Hawaii State Senate Committee Deadlocks on Civil Unions Bill But Legislation May Still Move to Senat

by Admin

Bill can still move to senate floor if nine of 25 state senators vote for recall bill would provide gay and lesbian couples rights provided to married couples under state law.

WASHINGTON - The Human Rights Campaign, the nation's largest lesbian, gay, bisexual and transgender (LGBT) civil rights group, issued a statement today regarding a vote in Hawaii's state Senate Judiciary and Government Operations Committee early this morning on a pending civil unions bill. The committee deadlocked at 3-3 on the bill, but it still may advance to the Senate floor for a vote.

"Today's vote means that the question now is whether nine of 25 state Senators agree that this important legislation, which would simply grant basic rights and protections to all committed couples and families in Hawaii, should go to a floor vote before the whole Senate." said Human Rights Campaign President Joe Solmonese. "We hope that they do agree to recall the bill from committee and that it passes the Senate and is enacted into law."

Hawaii's state constitution permits the Senate president to recall the bill from committee so that it may receive a floor vote before the full Senate. One-third of the Senate, or nine of its 25 members, would have to agree to recall the bill 20 days from now in order for it to receive a floor vote.

The legislation, which has already passed the House of Representatives by a 33-17 vote, would permit gay and lesbian couples to enter into civil unions and receive the rights, benefits, and responsibilities under Hawaii law that are granted to spouses. Couples who enter into a civil union would not receive any rights, benefits, or responsibilities under federal law.

Hawaii does not permit gay or lesbian couples to marry. Hawaii law currently permits couples prohibited from marrying in the state to enter into reciprocal beneficiary relationships and receive limited rights and benefits, not all the rights and responsibilities provided to married couples under state law.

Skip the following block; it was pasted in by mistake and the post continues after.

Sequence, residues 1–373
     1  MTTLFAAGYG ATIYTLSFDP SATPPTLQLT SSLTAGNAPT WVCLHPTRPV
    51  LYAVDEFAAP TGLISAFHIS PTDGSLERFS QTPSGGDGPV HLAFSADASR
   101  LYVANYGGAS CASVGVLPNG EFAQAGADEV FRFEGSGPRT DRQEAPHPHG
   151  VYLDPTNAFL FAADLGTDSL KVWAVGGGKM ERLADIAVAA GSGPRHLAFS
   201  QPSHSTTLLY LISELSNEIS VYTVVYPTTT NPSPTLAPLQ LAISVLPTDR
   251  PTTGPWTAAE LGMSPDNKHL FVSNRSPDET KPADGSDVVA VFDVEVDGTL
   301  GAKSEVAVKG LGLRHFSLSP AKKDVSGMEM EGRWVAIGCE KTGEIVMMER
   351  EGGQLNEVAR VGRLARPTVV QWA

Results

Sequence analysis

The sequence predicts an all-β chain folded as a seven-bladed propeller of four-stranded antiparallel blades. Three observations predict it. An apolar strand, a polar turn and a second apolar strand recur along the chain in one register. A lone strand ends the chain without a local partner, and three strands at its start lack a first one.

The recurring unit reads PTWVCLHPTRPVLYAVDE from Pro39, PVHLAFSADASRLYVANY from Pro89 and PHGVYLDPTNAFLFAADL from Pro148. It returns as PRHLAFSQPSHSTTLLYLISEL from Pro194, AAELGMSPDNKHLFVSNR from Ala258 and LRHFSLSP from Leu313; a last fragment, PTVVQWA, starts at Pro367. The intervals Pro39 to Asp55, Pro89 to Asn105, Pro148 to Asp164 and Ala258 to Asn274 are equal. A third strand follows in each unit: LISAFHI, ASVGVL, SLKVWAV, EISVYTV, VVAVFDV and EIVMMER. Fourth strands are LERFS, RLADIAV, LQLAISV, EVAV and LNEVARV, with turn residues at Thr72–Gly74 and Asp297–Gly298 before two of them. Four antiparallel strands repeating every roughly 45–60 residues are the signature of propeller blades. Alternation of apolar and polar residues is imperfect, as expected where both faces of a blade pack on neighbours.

In addition to Hawaii, 10 states plus Washington, D.C. have laws providing at least some form of state-level relationship recognition for gay and lesbian couples. Massachusetts and Connecticut recognize marriage for gay and lesbian couples under state law. Five other states-California, New Hampshire, New Jersey, Oregon, and Vermont-plus Washington, D.C. provide gay and lesbian couples with access to the state level benefits and responsibilities of marriage, through either civil unions or domestic partnerships.

Maine and Washington provide gay and lesbian couples with limited rights and benefits, not all the rights provided to married couples. New York recognizes marriages by gay and lesbian couples validly entered into outside of New York.

Gay and lesbian couples do not receive federal rights and benefits in any state. To learn more about state by state legislation visit: www.hrc.org/state-laws.

The Human Rights Campaign is America's largest civil rights organization working to achieve lesbian, gay, bisexual and transgender equality. By inspiring and engaging all Americans, HRC strives to end discrimination against LGBT citizens and realize a nation that achieves fundamental fairness and equality for all.

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